Communicator (communicator) wrote,

The desert of the heart

I'm so glad William Gibson is blogging again. And this time, he is more politically assertive. His language continues to be rather ostentatious:

Reagan's presidency was the fresh kitty litter I spread for utterly crucial traction on the icey driveway of uncharted futurity.

We catch your drift Billy boy.

Seriously, I dig him a lot, and I'm not exactly gob-smacked that his political leanings are rather like my own. And while his blog is assertive about his political beliefs, he says that his novels are not.

E. M. Forster maintained that didactic novels were, invariably, inherently less good -- as novels. If an author's politico-religio-social agenda is what directly drives the work, I take that to mean, no genuinely valuable interrogation of reality can take place, and the result will be a literary virtuality built as exclusively from the author's expressed political philosophy as that author can manage. This is best understood, an excellent teacher of mine said, by asking ourselves whether or not a fascist can write a good novel.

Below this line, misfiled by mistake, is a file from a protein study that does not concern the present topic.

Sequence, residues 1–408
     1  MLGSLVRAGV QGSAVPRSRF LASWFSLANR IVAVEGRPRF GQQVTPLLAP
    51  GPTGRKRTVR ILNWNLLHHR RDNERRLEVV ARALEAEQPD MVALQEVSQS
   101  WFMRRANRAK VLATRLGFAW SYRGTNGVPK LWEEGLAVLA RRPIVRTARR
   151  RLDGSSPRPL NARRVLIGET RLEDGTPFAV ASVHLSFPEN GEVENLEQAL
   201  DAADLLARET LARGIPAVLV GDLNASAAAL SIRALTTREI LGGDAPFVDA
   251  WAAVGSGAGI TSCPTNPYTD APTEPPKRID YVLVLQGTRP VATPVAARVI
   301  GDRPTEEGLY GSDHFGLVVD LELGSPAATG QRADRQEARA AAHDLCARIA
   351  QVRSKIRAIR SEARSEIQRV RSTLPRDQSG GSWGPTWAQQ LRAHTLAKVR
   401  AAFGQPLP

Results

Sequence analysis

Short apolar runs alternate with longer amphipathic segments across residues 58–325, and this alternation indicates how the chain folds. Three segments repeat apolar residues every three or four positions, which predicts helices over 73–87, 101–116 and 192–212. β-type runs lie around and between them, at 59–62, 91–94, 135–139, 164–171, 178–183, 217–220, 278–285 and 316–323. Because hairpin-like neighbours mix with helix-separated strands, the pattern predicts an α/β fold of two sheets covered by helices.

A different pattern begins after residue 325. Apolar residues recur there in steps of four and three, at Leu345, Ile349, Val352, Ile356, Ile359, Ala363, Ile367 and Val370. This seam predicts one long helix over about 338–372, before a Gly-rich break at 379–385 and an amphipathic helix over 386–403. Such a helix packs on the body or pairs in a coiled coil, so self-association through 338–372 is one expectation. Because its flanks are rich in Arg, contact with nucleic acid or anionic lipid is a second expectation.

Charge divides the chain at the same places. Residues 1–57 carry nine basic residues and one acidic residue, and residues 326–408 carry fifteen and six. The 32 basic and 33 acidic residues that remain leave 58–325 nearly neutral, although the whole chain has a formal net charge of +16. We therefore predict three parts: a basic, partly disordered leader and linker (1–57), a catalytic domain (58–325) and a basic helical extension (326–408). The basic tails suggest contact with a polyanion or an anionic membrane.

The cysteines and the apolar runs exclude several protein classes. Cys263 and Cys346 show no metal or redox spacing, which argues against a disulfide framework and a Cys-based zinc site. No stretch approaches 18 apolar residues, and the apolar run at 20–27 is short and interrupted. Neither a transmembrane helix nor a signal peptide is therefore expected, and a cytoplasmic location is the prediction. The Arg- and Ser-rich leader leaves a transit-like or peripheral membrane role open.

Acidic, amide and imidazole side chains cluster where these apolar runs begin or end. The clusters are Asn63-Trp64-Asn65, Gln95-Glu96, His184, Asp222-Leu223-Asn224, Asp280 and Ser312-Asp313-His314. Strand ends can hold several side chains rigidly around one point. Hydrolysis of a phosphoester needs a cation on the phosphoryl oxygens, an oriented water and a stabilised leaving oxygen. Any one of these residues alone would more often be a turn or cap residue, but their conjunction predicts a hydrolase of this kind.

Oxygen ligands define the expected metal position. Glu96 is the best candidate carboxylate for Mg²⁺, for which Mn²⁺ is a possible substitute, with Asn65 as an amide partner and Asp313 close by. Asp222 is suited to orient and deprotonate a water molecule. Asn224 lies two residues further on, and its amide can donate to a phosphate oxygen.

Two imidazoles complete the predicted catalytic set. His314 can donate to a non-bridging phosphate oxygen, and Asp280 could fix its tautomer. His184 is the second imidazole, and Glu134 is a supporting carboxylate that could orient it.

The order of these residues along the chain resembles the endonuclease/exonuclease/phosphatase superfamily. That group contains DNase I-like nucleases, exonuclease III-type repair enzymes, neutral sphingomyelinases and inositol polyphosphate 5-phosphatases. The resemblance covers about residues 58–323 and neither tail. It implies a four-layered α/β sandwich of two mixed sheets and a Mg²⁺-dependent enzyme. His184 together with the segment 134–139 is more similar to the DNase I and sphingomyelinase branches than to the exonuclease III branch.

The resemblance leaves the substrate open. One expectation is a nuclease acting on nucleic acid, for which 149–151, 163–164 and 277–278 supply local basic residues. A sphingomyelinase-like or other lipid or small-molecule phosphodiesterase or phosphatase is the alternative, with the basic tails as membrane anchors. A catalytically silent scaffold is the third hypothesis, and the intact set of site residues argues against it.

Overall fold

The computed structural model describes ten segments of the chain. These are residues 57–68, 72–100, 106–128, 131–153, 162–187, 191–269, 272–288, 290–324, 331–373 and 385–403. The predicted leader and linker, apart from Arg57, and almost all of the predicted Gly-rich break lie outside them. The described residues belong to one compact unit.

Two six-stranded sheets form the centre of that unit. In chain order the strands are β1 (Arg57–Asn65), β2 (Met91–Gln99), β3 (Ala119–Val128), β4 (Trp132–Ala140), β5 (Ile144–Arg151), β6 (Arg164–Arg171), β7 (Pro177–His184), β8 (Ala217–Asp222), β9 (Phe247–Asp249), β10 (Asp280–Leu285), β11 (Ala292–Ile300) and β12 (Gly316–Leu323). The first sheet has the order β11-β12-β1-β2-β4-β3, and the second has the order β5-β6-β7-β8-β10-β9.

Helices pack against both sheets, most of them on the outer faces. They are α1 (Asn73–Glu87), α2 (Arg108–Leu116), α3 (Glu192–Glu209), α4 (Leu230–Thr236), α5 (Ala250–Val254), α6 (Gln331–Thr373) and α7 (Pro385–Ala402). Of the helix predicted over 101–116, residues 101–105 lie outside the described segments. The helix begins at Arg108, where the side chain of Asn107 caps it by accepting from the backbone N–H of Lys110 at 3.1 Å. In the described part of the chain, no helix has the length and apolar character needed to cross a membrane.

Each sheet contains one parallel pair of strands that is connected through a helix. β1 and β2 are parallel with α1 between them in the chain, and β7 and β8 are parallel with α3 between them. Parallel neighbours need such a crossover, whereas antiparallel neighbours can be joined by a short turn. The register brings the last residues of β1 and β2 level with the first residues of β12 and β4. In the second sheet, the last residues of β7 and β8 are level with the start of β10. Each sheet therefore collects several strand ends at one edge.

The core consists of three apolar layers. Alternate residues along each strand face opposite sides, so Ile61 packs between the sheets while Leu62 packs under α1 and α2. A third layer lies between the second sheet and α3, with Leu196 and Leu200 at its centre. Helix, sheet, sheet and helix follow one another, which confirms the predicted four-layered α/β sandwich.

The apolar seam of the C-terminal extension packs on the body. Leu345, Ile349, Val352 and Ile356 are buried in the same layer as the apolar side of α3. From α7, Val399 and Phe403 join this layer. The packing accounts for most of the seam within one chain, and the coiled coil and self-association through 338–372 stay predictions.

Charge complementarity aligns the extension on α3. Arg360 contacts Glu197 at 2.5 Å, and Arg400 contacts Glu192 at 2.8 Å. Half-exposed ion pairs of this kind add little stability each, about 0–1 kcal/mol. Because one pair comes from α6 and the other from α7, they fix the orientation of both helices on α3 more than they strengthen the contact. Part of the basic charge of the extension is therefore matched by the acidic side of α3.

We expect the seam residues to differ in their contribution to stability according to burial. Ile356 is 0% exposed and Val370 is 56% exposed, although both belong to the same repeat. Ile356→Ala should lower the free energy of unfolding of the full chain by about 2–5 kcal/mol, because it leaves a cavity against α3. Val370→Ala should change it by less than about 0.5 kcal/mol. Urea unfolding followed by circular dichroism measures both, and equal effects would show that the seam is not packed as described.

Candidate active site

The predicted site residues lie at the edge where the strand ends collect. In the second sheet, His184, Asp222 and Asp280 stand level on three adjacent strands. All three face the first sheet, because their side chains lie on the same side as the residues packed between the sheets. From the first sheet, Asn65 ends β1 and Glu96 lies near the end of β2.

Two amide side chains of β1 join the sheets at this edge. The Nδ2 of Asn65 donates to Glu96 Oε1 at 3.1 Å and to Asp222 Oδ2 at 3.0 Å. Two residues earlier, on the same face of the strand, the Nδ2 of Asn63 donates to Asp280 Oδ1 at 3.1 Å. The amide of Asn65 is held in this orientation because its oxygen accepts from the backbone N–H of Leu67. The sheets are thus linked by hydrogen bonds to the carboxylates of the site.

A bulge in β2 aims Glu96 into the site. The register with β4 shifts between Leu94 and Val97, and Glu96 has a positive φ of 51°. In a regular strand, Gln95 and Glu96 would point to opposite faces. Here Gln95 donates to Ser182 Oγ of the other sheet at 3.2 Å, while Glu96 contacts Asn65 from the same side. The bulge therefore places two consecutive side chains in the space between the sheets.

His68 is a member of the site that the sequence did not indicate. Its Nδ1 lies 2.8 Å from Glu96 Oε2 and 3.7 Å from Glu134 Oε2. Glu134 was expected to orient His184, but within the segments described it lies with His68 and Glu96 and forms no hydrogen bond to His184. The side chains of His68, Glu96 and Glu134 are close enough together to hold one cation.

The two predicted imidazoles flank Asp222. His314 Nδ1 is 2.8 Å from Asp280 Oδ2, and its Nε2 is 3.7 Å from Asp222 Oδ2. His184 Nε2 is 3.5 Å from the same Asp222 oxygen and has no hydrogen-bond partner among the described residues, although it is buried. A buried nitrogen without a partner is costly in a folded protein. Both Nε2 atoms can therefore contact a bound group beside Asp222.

And it is true that people can read Gibson's dystopia and think that it sounds like a pretty neat idea, and this proves somethign or other about the independence of the work from the author's intention.

But - can a fascist write a good novel? Clearly yes, Mishima being a case in point. Libertarians too - Snowcrash is the bomb. Religious nutcases, misogynists, anti-semites, roll up because you can still write stuff we love to read.

Time that with this strange excuse,
Pardoned Kipling for his views
And will pardon Paul Claudel,
Pardoned them for writing well.

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